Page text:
All in all, the analysis has shown that some of the institutions in sub-Saharan Africa are pursuing a sustainable approach with sound governance structures and comprehensive transparency in rendering development-oriented financial services. While there are also positive examples of efforts to master the challenges of the past, a number of institutions have proven to be problematic as distribution mechanisms owing to warped incentives and a lack of transparency.
Government financing mechanisms offer potential to support the implementation of major international agendas, e.g. through financing climate projects addressing adaptation and mitigation and the corresponding transformation of the agricultural and food sector. In the medium and long term, however, this requires efforts to improve the structure, governance and implementability of the institutions involved. It makes sense to also ensure the participation of representatives from the microfinance and the financial sector in general as well as (in a closely controlled way) engaging the private sector in the supervisory committees or in preparatory steps in reforming or newly establishing AgFiFs.
The investment requirements for the modernisation of agriculture in sub-Saharan
Africa have been put at more than 200 billion euros annually. Photo: GIZ Uganda
A role to play in the global financial architecture?
Despite increased interest in debt and equity financing in larger agricultural enterprises from institutional and private investors on the one hand and the onset of Impact Investing Funds on the other, access to finance for smallholder farmers and micro-, small and medium-sized enterprises in most African countries remains a huge challenge. It stands to reason that pure market forces have not and will not bridge this gap by themselves in the foreseeable future. Much hope is still being placed into the blending of public and private funds aimed at reaching the United Nations’ Sustainable Development Goals, but it seems unlikely that this will be successful if not channelled through financial intermediaries with a strong presence on the ground.
Especially for the successful last-mile delivery of financial services and meeting the needs of small and medium enterprises in the agri-food sector, in training and up-skilling smallholder farmers and their farmer organisations and increasing their business acumen, technical assistance plays a vital role. When donors finance AgFiFs, they are well-advised to accompany their debt or equity positions with tailor-made technical assistance aiming at the internal governance structures. Before supporting AgFiFs with either technical or financial assistance, their governance and functioning need to be thoroughly analysed with adequate due diligence. To this end, GIZ and the German Development Bank KfW have cooperated closely to create a guideline on how to engage with AgFiFs, which satisfies and builds strongly on GIZ and KfW due diligence processes.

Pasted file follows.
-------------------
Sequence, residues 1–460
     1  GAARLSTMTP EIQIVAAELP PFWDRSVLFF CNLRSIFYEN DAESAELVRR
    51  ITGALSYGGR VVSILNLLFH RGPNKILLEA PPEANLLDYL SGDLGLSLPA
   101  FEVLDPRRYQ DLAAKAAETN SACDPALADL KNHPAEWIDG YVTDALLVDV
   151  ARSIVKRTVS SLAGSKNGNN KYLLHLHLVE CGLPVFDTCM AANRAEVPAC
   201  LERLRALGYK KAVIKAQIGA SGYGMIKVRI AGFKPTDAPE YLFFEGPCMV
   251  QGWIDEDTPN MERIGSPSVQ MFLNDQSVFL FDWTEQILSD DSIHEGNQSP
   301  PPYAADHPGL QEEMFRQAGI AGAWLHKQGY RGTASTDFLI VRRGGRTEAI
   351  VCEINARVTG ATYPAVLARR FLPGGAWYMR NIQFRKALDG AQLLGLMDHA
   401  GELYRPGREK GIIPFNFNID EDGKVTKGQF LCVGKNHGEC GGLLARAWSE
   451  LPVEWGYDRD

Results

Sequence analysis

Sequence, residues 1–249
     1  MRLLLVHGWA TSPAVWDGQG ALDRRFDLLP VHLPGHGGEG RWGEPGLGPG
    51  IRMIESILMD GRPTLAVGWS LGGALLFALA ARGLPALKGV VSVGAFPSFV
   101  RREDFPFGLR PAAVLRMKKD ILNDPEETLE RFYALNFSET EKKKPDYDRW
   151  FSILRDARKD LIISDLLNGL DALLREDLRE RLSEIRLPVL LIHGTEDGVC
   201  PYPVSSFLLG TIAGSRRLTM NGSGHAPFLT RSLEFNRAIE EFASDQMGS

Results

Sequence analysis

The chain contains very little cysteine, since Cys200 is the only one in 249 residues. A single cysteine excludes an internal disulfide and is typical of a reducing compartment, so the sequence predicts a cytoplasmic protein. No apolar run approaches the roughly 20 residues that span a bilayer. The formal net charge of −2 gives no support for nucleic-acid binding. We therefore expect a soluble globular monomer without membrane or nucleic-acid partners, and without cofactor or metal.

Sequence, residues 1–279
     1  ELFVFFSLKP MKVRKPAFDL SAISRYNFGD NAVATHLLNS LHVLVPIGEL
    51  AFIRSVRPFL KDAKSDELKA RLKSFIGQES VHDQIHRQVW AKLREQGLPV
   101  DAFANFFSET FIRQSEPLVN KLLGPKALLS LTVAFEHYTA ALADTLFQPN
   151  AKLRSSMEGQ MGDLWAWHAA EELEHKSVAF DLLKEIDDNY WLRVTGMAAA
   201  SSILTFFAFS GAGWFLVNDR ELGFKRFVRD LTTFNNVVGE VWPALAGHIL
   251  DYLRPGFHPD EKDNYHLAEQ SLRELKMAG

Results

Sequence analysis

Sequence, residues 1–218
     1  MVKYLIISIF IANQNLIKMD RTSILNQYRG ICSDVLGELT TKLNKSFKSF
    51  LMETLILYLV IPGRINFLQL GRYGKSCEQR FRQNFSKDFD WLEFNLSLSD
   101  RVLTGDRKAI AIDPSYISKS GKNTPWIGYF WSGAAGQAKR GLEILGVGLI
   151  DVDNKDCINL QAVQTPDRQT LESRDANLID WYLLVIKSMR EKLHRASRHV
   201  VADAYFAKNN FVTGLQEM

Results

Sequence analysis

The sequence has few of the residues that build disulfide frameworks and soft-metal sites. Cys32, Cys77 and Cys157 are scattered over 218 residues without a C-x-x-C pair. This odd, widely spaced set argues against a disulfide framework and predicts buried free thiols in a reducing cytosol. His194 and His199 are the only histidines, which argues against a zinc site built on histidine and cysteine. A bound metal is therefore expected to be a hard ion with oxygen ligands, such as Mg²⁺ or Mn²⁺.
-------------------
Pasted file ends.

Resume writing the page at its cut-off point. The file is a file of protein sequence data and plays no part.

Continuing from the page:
The German development portfolio in agriculture, rural development and food security has significantly increased over the last decade, and given geopolitical realities due to Russia’s war on Ukraine will continue to do so. After years of focus on technical innovations, new approaches of successful and sustainable transformation of agri-food systems are gaining traction. Here, financing via AgFiFs can make a crucial contribution. Successful cooperation with them requires careful consideration, preparation and a hands-on approach to accompanying long-term technical assistance, but their mandate and role in the financial ecosystem for financing agriculture in sub-Saharan Africa remain strong and relevant.
There are a wide variety of state-owned agricultural banks and financing institutions as well as risk sharing facilities (AgFiFs). The banks act as agricultural development banks at retail or wholesale level, as national development banks with a window for agriculture or as stateowned commercial banks financing agriculture. Further vehicles include credit guarantee mechanisms and a variety of funds or schemes for lending, risk sharing or equity finance. In addition, there are mixed facilities.
Bastian Domke works as a Senior Advisor on Agricultural Finance with the Sector Project Agriculture at Deutsche Gesellschaft für Internationale Zusammenarbeit (GIZ) GmbH in Bonn, Germany. He has previously worked for GIZ agricultural value chain programmes in South Africa and Benin and in the microfinance sector in the DR Congo. He holds degrees in Social Sciences and Rural Development.